I love the way Ross69 pops in here most days

    I love that you hang on every word I say. Thanks for the compliment.

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  24. greybeard (61 comments) says:

    S.Russell: my daughter is a teacher, currently teaching in London. I know from many conversations with her that she would agree with you entirely, on all points.

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  25. freemark (580 comments) says:

    What gets lost in this issue is that many people are also parents, and have gained the skills in all those aspects of learning management, child/youth behavioural management etc etc.. I was at a great BBQ recently, met a nice guy who turned out to be an English Teacher. We discussed charter schools, his ONLY argument was the one about unregistered teachers. When I pointed out that probably plenty of registered teachers would be involved, his ONLY argument was that “well, that would just validate the Nact Govt” FFS, I aimed plenty of questions around kids outcomes, parental choice etc.. NO other argument was forthcoming. Brainwashed by PPTA, NZEI etc.. who don’t give a shit about the children by the looks.

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  26. barry (1,317 comments) says:

    David Farrar – are you honstly saying that you didnt know this?

    The teachers are the most left leaning anti social group in the country and for some reason they think that we must all turn maori.

    And you wonder why people think the maori culture is a load of old pre histroic crap and their belief in monsters at the bend in the river is proof that theyre slow in the head. Only with the support of outfits like the teachers could this happen.

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  27. Mark (1,488 comments) says:

    It is interesting.Barristers and Solicitors need to be appropriately qualified and registered. As do real estate agents. But teaching we complain about professional standards. We have introduced charter schools where registration is not required because act thinks it is a sterling idea. I am all for getting rid of unnecessary red tape and perhaps charter real estate firms could be the next step in the right direction followed by charter law firms. Or is it just teachers we want to continually kick the shit out of.

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  28. MT_Tinman (3,190 comments) says:

    Colville (613) Says:
    March 4th, 2013 at 3:08 pm
    To be a plumber you need to know;

    1. Shit runs downhill.
    2. Payday is Thursday.

    A wise man once told me the two things a plumber must learn are;

    1. Water runs down hill.
    2. It ‘aint always just water.

    That wise man should have been a headmaster ;-)

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  29. Alan Wilkinson (1,878 comments) says:

    @Mark, so what is the appropriate qualification for teaching? What are the essential degree subjects that must be mastered?

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  30. PaulL (5,986 comments) says:

    Mark, I’m pretty sure Lawyer’s offices employ people who aren’t lawyers. Some of them even do paralegal work. But in a school, you can’t be in the classroom if you’re not a teacher. Charter schools are looking to loosen that up. I don’t think anyone seriously thinks that any significant proportion of the teaching staff in those schools wouldn’t be fully trained teachers. They’re just saying that around the edges and in some specific subjects, it might be OK to try different approaches.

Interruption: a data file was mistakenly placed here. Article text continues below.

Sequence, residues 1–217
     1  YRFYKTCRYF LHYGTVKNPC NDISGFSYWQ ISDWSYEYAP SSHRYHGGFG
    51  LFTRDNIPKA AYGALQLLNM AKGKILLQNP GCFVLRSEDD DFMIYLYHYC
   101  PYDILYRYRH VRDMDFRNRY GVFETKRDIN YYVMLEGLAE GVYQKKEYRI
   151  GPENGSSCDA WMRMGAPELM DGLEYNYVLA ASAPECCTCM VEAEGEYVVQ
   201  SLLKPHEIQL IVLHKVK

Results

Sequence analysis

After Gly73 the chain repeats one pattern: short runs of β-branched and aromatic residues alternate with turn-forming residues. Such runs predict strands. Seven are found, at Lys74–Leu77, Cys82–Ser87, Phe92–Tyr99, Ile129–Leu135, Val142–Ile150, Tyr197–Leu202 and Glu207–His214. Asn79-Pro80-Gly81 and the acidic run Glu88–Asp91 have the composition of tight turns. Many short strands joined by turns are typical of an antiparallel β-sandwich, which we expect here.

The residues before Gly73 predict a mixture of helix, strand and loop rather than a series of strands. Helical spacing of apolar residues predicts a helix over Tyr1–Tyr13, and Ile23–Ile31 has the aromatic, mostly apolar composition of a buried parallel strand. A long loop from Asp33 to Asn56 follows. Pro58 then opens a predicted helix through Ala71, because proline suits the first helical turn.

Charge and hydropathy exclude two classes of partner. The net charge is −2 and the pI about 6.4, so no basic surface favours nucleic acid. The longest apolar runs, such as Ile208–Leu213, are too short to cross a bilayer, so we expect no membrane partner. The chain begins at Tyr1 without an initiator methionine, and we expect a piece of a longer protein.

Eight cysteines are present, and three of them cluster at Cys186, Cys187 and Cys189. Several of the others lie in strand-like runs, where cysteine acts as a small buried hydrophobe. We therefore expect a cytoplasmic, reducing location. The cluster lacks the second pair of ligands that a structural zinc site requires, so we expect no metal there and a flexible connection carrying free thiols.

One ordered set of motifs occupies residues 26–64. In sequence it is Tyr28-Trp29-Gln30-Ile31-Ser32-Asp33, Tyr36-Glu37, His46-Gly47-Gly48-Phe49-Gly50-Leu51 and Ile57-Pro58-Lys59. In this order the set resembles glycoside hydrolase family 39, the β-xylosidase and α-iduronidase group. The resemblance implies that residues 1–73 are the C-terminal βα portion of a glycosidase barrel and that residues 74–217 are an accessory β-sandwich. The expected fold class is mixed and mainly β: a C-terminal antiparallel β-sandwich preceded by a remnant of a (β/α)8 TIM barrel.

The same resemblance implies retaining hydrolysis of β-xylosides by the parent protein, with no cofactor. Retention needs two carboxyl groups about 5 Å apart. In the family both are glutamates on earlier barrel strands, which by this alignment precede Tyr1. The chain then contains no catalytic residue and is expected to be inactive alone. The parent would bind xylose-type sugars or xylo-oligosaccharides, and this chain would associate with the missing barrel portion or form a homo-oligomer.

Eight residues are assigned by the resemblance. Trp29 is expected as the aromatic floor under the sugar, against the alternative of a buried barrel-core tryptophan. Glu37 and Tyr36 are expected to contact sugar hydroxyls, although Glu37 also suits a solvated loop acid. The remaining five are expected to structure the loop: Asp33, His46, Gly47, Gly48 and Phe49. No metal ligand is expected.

My usual rule is that when one side is insisting on an absolute, and the other side is arguing for some flexibility, that usually those pushing the absolute are in the wrong.

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  31. Jack5 (5,137 comments) says:

    Teachers and their unions are hijacking the country. They are brainwashing generations of kids with environmental-extremist, multiculturalist, soft-left, PC propaganda.

    Environmentalism is poured down kids’ throats ad nauseum. Maori language is increasingly forced on all kids. They are taught to be peaceniks without acknowledgement that peace is an outcome of being prepared for war. They are taught that it’s our greedy fault that half the world is starving.

    All this would be fine if the policy was created and led by our representative politicians after political and public debate. But no, the schoolies are working to their own political and social agenda.

    I say: Go National and Banks with charter schools.

    Can we please get chains of charter Montessori schools running in NZ?

    Technology business whizzes in the USA are disproportionately coming from Montessori education. For example, Google’s founders Larry Page and Sergei Brin, Amazon’s founder Jeff Bezos, and Wikipedia’s founder Jimmy Wales.

    In the meantime, if you want to see where on-the-job training is working look at Germany, with its vast array of apprenticeships.

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  32. UpandComer (537 comments) says:

    I was a teacher’s aide in a primary school. I also flatted with 3 girls all doing teacher’s college. The work they did was hocum.

    What you need are people who have done a degree or postgraduate degree in English teaching English, and the same for Maths etc and you’re away. For instance at my school the Economics teacher was an ex treasurer for a Middle-Eastern government. He was brilliant, and hated having to waste his valuable time fucking around learning all of this Euphemistic Orwellian junk psychology nonsense teacher’s have to put up with.

    Teacher’s College seems to be a weird hodge podge of low IQ basic psychology, business administration, quantitative skills and high school level general aptitudes.